Bone spurs are bony projections that develop along the edges of bones. Also called osteophytes, bone spurs often form where bones meet each other — in your joints. Bone spurs can also form on the bones of your spine.
The main cause of bone spurs is the wear-and-tear damage associated with osteoarthritis. Most bone spurs cause no symptoms and may go undetected for years. Bone spurs may not require treatment. Decisions about treatment depend on where spurs are located and how they affect your health.
Most bone spurs cause no signs or symptoms. Often you don't even realize you have bone spurs until an X-ray for another condition reveals the growths. In some cases, though, bone spurs can cause pain and loss of motion in your joints.
Specific symptoms depend on where the bone spurs are located. Examples include:
When to see a doctor
Osteoarthritis of the hip
The hip joint shown on the left side of the image is normal, but the hip joint shown on the right side of the image shows deterioration of cartilage and the formation of bone spurs due to ...
Wear-and-tear arthritis (osteoarthritis) is the most common cause of bone spurs. As osteoarthritis breaks down the cartilage cushioning the ends of your bones, your body attempts to repair the loss by creating bone spurs near the damaged area. The extra bone may help increase the amount of surface area for load bearing.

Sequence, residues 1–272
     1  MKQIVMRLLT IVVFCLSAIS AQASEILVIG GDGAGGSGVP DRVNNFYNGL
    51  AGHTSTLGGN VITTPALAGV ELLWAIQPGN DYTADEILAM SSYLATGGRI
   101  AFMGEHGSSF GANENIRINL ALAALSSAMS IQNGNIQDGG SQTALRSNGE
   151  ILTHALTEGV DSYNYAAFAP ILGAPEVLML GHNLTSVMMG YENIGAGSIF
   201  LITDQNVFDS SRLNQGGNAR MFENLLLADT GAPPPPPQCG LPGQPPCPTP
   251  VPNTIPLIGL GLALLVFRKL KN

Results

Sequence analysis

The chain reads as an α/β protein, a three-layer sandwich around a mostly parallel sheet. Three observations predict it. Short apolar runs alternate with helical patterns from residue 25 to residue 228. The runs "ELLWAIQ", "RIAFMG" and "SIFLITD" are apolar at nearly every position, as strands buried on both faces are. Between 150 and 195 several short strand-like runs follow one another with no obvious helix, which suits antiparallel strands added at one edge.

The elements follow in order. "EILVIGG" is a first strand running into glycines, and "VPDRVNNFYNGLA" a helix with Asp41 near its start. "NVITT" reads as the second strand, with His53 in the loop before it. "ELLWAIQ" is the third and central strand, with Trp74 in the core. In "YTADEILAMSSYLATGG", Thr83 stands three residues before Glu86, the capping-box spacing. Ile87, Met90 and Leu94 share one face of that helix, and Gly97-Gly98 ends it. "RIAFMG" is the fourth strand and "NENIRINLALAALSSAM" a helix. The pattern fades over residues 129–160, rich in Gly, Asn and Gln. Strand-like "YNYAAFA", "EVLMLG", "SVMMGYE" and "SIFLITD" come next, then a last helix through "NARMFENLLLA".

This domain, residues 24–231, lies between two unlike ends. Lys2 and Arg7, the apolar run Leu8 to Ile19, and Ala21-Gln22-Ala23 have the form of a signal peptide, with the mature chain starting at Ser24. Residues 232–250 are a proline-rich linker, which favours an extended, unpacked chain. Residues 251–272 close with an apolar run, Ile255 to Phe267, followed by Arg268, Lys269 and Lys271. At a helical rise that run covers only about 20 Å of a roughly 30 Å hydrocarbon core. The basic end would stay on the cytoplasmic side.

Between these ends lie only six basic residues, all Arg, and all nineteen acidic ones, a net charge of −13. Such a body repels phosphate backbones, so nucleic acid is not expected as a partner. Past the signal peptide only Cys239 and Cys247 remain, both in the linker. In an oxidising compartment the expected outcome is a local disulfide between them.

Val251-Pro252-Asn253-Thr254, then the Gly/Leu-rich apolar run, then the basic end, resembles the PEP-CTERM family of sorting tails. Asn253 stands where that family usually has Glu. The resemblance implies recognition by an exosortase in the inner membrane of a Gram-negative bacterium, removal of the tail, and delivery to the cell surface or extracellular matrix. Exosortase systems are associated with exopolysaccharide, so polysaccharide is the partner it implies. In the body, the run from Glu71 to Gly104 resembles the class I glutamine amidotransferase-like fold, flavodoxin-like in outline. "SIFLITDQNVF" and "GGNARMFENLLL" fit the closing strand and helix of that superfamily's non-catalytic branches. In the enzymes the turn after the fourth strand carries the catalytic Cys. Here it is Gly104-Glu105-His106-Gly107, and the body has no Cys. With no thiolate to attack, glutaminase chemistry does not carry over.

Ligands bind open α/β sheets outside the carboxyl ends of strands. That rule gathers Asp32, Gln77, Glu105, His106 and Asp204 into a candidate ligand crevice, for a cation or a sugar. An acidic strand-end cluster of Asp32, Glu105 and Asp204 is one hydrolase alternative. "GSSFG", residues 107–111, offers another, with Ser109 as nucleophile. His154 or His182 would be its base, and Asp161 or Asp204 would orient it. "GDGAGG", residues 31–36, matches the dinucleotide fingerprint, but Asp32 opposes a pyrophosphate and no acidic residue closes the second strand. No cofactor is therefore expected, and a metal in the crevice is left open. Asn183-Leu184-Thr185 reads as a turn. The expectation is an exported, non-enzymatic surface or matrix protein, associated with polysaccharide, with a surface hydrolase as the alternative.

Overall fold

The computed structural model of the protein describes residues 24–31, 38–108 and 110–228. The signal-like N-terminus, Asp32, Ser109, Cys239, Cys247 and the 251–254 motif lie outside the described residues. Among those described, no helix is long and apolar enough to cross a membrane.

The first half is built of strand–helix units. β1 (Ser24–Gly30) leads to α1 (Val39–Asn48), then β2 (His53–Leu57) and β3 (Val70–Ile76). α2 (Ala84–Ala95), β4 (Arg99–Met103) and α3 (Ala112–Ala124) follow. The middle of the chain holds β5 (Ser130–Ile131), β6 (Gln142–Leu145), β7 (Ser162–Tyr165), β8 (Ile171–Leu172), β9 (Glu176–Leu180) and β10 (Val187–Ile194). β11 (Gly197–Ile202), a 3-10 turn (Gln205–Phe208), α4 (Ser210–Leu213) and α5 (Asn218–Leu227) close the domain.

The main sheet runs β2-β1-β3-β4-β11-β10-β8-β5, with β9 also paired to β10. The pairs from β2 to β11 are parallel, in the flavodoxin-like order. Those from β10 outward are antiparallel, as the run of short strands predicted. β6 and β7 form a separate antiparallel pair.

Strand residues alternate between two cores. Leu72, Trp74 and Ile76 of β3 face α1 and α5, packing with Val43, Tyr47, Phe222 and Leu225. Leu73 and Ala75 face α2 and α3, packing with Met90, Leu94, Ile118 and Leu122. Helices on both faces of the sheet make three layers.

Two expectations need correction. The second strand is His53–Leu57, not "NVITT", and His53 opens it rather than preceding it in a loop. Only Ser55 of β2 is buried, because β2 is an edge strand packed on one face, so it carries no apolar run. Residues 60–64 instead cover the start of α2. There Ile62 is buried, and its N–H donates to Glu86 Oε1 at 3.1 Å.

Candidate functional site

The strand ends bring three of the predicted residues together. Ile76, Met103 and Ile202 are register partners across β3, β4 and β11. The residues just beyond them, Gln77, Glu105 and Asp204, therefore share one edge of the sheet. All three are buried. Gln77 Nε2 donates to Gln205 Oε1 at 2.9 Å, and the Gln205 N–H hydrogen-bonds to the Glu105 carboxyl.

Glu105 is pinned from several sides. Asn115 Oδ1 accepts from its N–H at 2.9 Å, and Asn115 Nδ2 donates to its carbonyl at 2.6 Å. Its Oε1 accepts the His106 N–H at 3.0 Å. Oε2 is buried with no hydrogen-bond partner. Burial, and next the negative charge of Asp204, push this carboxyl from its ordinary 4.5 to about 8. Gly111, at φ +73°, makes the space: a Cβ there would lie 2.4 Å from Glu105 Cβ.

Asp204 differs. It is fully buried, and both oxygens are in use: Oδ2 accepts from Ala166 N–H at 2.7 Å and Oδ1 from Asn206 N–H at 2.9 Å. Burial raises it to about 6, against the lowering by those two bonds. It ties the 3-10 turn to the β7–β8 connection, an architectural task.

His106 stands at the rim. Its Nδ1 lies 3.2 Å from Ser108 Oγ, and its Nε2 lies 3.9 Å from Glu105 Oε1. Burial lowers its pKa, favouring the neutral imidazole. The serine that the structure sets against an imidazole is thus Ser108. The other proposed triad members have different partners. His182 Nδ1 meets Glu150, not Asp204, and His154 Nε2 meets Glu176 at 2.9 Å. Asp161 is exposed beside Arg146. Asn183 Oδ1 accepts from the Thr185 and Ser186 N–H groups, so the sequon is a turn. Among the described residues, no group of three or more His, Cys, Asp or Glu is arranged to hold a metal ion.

Bone spurs can break off from the larger bone, becoming what doctors call loose bodies. Often bone spurs that have become loose bodies will float in your joint or become embedded in the lining of the joint (synovium).
Loose bodies can drift into the areas in between the bones that make up your joint, getting in the way and causing intermittent locking — a sensation that something is preventing you from moving your joint. This joint locking can come and go as the loose bodies move into and out of the way of your joint.
Preparing for your appointment
You'll probably first bring your concerns to the attention of your family doctor. He or she may refer you to a doctor who specializes in the diagnosis and treatment of joint disorders (rheumatologist).
Here's some information to help you get ready for your appointment and what to expect from your doctor.
What you can do
Below are some basic questions to ask a doctor who is examining you for joint problems. If any additional questions occur to you during your visit, don't hesitate to ask.
What to expect from your doctor
Tests and diagnosis
During the physical exam, your doctor may feel around your joint to determine exactly where your pain is coming from. Sometimes your doctor can feel a bone spur, though sometimes bone spurs form in spots that can't be easily felt.
To confirm a diagnosis, your doctor may order X-rays or other types of imaging tests to get a look at your joints and bones.
Treatments and drugs
If your bone spurs are causing pain, your doctor may recommend over-the-counter pain relievers, such as ibuprofen (Advil, Motrin, others) or naproxen (Aleve, others). Bone spurs that limit your range of motion or press on nerves may require surgical removal.
Last Updated: 2012-03-07
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